Eaton Square Mayfair is the only private secondary school in the area. Principal Sebastian Hepher says such a fantastic location provides students with wonderful opportunities to learn

Sebastian Hepher, Principal of Eaton Square Schools 

You can’t beat Eaton Square Mayfair’s location. We’re the only independent, co-educational upper school in the area. We have Green Park on our doorstep, which we use for recreational activities, as well as the space of Hyde Park just down the road. The school building itself is a beautiful Grade I-listed townhouse, once home to Lord Coventry and the St James’s Club. It’s a truly inspirational place to be, particularly for pupils interested in neoclassical art and history. The wonderful setting provides a subtle, underlying feeling of intellectual wonder which permeates school life at Eaton Square Mayfair. Our location also makes life easier for parents, whose commutes are less convoluted – we’re highly accessible for all of London. Although, in fact, many of our pupils live walking distance from the school.

The Royal Academy is just steps from our front door

Just a couple of minutes from Green Park tube station, our access to some of the capital’s most impressive museums and galleries is unparalleled; the Royal Academy is just steps from our front door. For most schools, an excursion means a day’s lost learning, whereas for us a visit is easily doable in a morning. However, experiential learning does not solely rely on proximity to museums and galleries. Facilitation depends on highly skilled teachers who ask the right questions and guide reflective conversation before, during and after an experience. A trip to the British Museum to see Rembrandt’s drawings, for example, would be lacking without careful consideration of his paintings. Similarly, a visit to the National Gallery to see the Boilly exhibition would be remiss without discussing Parisian life in the 18th century.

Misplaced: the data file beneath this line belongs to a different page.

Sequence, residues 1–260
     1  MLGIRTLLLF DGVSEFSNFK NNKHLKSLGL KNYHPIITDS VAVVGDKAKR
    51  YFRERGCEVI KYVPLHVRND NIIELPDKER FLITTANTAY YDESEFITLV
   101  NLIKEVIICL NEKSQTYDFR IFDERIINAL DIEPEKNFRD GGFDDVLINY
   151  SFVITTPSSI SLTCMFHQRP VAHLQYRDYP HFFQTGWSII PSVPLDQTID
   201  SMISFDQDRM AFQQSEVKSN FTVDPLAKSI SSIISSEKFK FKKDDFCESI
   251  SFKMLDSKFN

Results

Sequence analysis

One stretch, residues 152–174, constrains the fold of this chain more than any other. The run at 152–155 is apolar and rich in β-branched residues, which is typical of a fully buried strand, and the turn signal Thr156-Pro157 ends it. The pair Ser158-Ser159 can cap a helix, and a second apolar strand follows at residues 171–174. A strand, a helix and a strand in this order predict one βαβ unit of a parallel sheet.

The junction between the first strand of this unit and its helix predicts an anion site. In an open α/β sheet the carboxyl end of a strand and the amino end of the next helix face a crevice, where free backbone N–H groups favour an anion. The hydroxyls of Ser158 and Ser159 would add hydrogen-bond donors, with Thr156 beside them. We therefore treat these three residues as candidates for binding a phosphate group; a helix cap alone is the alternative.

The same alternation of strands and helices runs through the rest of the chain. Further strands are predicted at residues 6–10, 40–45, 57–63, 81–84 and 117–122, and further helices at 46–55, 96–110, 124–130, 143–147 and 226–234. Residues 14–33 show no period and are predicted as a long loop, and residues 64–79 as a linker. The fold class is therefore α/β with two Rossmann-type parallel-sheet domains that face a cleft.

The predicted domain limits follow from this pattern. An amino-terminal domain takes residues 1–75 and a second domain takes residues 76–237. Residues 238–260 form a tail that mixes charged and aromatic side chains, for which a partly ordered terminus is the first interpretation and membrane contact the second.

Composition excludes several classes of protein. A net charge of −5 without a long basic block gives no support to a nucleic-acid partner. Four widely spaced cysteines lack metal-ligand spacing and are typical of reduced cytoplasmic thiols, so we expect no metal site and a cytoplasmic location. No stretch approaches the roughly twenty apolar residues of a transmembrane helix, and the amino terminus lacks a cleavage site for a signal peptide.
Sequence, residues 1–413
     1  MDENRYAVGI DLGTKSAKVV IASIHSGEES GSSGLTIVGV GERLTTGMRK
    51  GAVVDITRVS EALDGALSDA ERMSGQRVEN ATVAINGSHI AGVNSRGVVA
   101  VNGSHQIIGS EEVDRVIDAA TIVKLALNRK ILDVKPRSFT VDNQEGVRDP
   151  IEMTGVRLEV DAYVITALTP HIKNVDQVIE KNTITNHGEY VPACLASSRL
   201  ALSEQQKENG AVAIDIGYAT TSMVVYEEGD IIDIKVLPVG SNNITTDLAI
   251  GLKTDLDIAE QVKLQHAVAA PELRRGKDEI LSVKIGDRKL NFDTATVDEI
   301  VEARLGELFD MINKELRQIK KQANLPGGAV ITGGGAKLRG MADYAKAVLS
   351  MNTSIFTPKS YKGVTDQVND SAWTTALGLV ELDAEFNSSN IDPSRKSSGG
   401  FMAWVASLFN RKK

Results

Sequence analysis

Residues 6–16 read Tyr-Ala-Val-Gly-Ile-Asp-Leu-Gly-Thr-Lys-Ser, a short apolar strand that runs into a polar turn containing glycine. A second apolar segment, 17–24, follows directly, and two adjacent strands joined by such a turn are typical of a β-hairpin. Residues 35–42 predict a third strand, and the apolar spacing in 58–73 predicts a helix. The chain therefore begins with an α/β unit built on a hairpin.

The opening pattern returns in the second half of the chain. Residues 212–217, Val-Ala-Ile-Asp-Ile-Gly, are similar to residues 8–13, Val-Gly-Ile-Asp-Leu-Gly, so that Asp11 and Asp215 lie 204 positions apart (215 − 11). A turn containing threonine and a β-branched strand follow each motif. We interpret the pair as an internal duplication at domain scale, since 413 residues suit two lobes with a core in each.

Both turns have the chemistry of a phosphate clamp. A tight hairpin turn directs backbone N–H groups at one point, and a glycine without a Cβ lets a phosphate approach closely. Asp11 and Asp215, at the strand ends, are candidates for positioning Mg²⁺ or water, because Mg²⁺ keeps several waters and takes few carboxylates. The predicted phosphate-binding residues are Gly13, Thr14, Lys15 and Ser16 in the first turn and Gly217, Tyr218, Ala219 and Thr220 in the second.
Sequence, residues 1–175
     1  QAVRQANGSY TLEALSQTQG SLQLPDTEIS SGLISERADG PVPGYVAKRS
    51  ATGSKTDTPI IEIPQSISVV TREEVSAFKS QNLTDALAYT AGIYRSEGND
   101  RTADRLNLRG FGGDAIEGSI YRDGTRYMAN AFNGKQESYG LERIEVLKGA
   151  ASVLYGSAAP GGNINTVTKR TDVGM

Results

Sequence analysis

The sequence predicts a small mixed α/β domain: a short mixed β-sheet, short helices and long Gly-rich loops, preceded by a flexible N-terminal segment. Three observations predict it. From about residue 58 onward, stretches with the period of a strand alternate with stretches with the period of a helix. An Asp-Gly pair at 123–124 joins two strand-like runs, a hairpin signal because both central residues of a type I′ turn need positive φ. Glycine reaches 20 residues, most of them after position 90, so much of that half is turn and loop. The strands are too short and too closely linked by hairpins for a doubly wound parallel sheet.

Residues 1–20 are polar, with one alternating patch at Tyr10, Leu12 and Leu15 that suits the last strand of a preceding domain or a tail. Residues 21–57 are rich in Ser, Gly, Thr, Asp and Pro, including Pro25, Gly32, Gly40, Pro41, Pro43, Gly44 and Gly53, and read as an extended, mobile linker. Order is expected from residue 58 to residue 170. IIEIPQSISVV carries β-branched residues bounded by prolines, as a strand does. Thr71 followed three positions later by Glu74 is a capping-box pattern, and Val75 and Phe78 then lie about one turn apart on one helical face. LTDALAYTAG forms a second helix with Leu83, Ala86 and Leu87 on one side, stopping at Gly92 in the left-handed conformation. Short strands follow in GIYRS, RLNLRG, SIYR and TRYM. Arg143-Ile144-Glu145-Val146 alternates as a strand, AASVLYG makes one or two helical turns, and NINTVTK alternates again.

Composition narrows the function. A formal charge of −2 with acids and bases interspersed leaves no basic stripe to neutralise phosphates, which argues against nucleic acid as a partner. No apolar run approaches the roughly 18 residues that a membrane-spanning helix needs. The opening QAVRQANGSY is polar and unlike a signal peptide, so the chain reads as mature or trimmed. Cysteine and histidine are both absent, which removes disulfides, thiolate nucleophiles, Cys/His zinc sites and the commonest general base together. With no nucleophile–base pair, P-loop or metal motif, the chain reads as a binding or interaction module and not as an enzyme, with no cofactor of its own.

In the last 10 weeks alone, we’ve had trips to the British Museum, the National Gallery, as well as the Natural History Museum and a cruise down the river Thames. Excursions mean pupils have exciting memories interwoven with academic concepts, which really helps to cement them. We find that children develop a deeper understanding of subject matter than is possible through classroom study alone, and they retain concepts more readily when they’ve had an active role in learning them. Experiential education also aids children’s ability to apply their knowledge in real life situations. While most of the excursions our pupils take part in are based in curriculum subjects, occasionally an exhibition will come up which is in town for a limited time only. In this sense, we’re able to really make the most of what London has to offer.